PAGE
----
Wednesday, November 6, 2013

Why Am I Here?

I had a conversation with a coworker last week in which he expressed gratitude for this blog. He also said that he doesn't know if he could be "this open" if it were him.

That made me think about my motivations writing for the blog. They've always been implicit for me but it's interesting to write down.

One of the most practical reasons, as my friend Connie points out, is that is helps avoid me having to tell many people the same thing about my current status.

It's efficient.

Another reason is to inform future tongue or head and neck cancer patients. When I was originally diagnosed, Wonderful Wife immediately consulted the intertubes to find out what she (and I) was in for. She found several blogs by former patients that gave a fair bit of detail about their experiences. Even though it sounded rough, she appreciated being informed. It allowed her to set her own expectations and not be surprised by events. She was also heartened by the fact that the writers often were years out of treatment and doing well. So part of my motivation is to pay that forward.

Also, I'm a teacher at heart. I love to dive deeply into a topic and then teach it to others. In this case I didn't choose the topic but I could still follow that pattern. To be honest, a little bit of that is showing off. I grew up in a family where spouting knowledge was rewarded (at the dinner table, especially) so I can tend toward being a know-it-all. Hopefully I've learned enough tact that I'm not as annoying as when I was fifteen or twenty.

Many readers have given me positive feedback on my writing here. People have told me they have learned a lot along the way; that even though they have been close to other people with cancer they never understood the full experience until now. That's very gratifying to the teacher in me.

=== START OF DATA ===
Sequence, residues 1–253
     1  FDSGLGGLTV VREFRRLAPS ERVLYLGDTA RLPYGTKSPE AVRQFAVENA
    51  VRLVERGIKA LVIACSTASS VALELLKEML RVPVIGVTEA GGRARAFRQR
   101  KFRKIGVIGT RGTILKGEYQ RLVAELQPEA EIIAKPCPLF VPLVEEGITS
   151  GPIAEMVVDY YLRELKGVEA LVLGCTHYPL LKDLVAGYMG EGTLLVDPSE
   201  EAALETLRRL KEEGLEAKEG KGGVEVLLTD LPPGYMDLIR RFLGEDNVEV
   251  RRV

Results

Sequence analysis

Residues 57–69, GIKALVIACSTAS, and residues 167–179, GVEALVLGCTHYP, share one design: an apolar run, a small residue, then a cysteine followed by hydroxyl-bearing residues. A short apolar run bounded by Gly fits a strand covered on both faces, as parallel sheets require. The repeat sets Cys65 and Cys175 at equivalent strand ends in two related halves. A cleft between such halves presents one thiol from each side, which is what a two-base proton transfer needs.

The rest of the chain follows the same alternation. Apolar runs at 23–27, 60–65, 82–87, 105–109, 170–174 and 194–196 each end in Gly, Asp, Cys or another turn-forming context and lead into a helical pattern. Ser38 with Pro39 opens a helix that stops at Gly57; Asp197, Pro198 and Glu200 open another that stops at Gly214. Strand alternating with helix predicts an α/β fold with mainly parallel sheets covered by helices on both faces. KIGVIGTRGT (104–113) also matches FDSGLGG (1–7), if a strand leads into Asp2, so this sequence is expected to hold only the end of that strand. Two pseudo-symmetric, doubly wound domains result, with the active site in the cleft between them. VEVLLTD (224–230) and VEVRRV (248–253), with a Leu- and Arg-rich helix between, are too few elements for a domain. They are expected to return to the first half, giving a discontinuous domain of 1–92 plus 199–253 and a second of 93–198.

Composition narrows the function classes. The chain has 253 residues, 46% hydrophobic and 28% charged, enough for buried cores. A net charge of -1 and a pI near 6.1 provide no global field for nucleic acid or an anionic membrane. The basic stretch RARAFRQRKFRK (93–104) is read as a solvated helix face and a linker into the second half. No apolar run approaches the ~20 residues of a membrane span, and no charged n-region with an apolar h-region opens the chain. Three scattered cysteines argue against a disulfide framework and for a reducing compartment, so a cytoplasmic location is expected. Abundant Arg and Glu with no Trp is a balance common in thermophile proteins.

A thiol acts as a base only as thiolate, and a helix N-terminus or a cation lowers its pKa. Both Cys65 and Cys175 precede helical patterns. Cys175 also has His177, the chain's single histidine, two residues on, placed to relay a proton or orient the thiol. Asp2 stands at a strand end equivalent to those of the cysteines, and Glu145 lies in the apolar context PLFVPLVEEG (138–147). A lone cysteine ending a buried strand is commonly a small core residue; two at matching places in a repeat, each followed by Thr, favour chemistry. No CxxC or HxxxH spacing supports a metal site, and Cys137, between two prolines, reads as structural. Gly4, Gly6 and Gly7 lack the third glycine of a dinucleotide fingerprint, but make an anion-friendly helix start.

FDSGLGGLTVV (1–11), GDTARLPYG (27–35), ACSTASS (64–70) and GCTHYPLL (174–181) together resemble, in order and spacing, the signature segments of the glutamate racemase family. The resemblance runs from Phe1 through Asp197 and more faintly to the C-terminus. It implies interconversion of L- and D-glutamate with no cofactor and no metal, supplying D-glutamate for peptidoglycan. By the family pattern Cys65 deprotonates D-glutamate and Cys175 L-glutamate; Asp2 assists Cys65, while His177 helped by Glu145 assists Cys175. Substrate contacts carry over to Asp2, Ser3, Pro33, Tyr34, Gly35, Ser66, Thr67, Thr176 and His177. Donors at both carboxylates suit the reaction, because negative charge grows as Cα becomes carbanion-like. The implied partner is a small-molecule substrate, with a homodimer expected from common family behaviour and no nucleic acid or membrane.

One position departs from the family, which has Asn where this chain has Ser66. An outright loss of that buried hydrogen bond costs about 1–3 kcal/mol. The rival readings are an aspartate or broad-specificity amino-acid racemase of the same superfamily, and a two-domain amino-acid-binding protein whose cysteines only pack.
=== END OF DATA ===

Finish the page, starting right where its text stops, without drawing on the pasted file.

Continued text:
My work happens to involve helping scientists discover and develop new medicines, including cancer drugs. That coworker I mentioned in the first paragraph? He learned from this blog how primitive existing cancer treatments are and he feels even more motivated to help find better ones.

I have more than a touch of ADHD, and part of my particular makeup is a fascination with details. So another aspect of this blog is that I like to document every little thing that happened along the way.

The blog has also been a way of venting - verging on (or explicitly devolving into) whining. It helped to shout to the world, "This sucks!"

The reason that's most personal for me, though, is a desire to be honest. Back in July, in the post titled "A Crying Shame", I wrote about a long self-remodeling process through my 20's and 30's. One of the most important lessons I learned on that journey was the value of honesty. With myself first, but also with others. Prior to that time I felt a need to present myself in ways that weren't true. Once I ceased that I found life to be much easier and more enjoyable.

So a big part of why this blog exists is for me to share my experience as honestly as I can.

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